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New York Times theater critic Ben Brantley apologized for his review of the broadway show “Head Over Heels,” featuring the first openly trans woman to play a leading role on Broadway.
“I feel horrible about having offended transgender and nonbinary communities,” he said in a statement posted to the New York Times Communications Twitter account on Friday.
“I was trying to reflect the light tone of the show, as well as a plot point in which one character learns to acknowledge another not as ‘she’ but as ‘they,'” he said. “This unfortunately read as more flippant than I would ever have intended, especially with regard to a performance that marks a historical first. I am deeply sorry.”
Here is Ben Brantley's response to the conversation surrounding his review of "Head Over Heels" https://t.co/48Xr2xgOjK. We are updating the review to reflect some of our readers' concerns now. pic.twitter.com/3SjcC1qAuk
— NYTimes Communications (@NYTimesPR) July 27, 2018
A Times statement accompanied Brantley’s apology. It said the paper would edit the piece to reflect reader concerns. A review of the Internet archives shows that among the changes were taking the term “nonbinary” out of quotation marks.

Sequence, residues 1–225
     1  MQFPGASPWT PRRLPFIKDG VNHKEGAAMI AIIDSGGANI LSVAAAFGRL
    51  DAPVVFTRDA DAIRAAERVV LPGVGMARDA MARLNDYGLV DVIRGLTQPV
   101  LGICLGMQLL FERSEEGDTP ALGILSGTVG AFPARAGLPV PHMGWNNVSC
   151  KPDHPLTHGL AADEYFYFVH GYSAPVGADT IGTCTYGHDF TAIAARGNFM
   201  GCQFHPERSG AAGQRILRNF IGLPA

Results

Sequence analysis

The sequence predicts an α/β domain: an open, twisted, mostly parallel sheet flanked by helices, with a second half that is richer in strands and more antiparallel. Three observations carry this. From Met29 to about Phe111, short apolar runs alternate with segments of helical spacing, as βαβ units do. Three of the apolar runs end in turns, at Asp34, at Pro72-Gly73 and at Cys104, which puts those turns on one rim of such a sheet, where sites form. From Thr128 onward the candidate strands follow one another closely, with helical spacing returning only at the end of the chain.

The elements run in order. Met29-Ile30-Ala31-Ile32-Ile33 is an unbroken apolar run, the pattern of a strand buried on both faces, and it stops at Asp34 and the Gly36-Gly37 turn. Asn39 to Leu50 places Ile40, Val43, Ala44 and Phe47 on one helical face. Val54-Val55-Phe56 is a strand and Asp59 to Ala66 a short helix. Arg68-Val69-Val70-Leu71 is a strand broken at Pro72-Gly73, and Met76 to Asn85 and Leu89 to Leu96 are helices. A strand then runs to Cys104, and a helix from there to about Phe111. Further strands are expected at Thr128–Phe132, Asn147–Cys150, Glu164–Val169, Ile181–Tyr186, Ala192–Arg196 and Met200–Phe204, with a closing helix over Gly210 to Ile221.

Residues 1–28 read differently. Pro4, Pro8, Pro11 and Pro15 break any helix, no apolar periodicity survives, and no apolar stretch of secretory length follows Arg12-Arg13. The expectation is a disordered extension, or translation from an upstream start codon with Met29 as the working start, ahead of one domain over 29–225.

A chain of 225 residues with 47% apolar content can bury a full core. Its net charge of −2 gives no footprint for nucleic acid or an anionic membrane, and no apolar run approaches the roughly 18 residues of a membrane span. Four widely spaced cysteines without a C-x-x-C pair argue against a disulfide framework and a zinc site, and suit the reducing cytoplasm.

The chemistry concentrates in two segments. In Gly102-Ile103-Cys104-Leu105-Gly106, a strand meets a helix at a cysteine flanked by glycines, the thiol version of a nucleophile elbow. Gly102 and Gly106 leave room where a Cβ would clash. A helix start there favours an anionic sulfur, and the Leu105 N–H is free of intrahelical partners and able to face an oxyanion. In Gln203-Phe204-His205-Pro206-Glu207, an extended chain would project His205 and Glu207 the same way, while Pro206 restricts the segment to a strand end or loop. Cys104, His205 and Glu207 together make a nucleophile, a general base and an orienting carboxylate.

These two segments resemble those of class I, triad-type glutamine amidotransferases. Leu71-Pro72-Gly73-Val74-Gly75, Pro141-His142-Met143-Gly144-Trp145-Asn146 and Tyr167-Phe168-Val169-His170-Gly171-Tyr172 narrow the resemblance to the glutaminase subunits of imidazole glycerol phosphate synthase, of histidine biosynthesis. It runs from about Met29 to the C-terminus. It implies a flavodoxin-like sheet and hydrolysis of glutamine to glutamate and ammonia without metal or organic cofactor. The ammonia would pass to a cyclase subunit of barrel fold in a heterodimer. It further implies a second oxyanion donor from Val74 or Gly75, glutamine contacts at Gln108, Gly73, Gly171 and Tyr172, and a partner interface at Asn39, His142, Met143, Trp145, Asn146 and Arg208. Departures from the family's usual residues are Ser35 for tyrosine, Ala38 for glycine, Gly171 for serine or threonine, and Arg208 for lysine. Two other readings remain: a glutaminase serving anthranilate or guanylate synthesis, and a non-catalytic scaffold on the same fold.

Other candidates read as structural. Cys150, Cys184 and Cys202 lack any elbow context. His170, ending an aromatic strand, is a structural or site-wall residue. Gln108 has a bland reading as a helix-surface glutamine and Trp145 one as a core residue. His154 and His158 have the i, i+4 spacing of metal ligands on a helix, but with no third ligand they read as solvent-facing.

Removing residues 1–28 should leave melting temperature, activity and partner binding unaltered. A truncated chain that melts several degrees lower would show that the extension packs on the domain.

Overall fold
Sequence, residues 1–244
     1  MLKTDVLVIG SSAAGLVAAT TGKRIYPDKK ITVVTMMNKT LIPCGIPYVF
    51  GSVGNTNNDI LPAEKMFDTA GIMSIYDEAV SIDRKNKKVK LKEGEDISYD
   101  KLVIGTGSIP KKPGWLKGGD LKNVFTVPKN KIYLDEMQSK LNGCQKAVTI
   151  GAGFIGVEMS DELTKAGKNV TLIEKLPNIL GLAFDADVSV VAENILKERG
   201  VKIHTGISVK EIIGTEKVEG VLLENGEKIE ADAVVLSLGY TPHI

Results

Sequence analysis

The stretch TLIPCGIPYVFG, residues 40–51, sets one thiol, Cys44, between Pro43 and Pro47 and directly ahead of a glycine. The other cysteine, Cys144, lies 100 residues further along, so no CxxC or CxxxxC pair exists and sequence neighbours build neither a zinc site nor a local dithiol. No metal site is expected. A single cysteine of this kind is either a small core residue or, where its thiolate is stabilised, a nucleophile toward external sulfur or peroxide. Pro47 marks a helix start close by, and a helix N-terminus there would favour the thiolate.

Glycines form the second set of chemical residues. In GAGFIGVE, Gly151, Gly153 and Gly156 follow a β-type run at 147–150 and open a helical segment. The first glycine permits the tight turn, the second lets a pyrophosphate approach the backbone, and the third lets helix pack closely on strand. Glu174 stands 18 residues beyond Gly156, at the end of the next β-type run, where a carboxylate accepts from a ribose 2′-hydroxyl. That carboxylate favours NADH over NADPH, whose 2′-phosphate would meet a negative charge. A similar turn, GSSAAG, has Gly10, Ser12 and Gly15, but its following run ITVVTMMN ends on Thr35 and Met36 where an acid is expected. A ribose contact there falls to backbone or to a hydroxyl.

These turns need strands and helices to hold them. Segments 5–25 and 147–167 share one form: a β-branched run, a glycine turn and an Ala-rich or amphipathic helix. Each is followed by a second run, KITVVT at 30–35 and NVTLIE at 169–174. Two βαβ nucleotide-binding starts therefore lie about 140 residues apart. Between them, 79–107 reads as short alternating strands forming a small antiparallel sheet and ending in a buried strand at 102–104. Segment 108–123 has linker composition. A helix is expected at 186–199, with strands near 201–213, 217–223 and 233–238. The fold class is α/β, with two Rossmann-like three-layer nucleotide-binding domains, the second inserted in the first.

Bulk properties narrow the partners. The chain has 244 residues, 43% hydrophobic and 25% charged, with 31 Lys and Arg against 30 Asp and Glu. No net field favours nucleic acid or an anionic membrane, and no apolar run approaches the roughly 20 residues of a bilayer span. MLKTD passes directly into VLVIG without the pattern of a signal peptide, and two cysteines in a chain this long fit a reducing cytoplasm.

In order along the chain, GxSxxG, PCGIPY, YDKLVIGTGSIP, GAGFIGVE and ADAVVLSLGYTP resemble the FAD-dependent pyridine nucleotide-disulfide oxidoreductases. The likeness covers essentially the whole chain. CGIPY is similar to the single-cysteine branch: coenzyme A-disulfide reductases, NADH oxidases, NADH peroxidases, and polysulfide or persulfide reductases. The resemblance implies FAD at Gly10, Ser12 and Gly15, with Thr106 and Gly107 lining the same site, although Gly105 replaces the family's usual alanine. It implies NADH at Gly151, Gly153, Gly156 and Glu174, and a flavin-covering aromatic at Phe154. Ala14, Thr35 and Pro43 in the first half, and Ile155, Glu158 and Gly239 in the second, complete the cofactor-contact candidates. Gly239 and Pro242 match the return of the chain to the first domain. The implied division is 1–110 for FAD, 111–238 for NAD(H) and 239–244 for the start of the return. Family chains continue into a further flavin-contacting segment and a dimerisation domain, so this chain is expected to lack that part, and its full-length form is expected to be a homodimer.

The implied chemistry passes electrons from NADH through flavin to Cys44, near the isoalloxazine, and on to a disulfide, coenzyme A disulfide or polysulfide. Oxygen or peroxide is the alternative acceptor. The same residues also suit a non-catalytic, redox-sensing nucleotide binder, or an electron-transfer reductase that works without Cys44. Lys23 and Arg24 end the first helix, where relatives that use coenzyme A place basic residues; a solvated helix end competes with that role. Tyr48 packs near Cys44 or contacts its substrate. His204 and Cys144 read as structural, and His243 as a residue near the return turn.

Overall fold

Brantley’s original review “purposefully misgenders a non-binary character, played by trans actress Peppermint (the first openly trans woman to play a principal role on Broadway) – writing “Dametas (Tom Alan Robbins), the King’s viceroy and father of Mopsa, finds himself strangely drawn to her – I mean them,” wrote Alan Henry of Broadway World. Henry added that early in his review, “Brantley seems to invalidate an entire gender identity, writing ‘And its dichotomous nature matches the didactic thrust of a show that celebrates the importance of not being (and pardon me, for trotting out what’s starting to feel like the decade’s most overused word) binary.'”
After an edit, the broader thrust of the review still remained cool toward the performance.
“‘Head Over Heels,’ which opened on Thursday night at the Hudson Theater, feels as timid and awkward as the new kid on the first day of school,” said Brantley — whose pronouncements about Broadway are closely followed by the city’s theater community.
Brantley’s statement was only the latest in a weekend of walkbacks for remarks deemed insensitive by aggrieved communities. Around the same time, editors at The Nation issued a lengthy statement of contrition for publishing a poem about homelessness they later deemed “ableist.”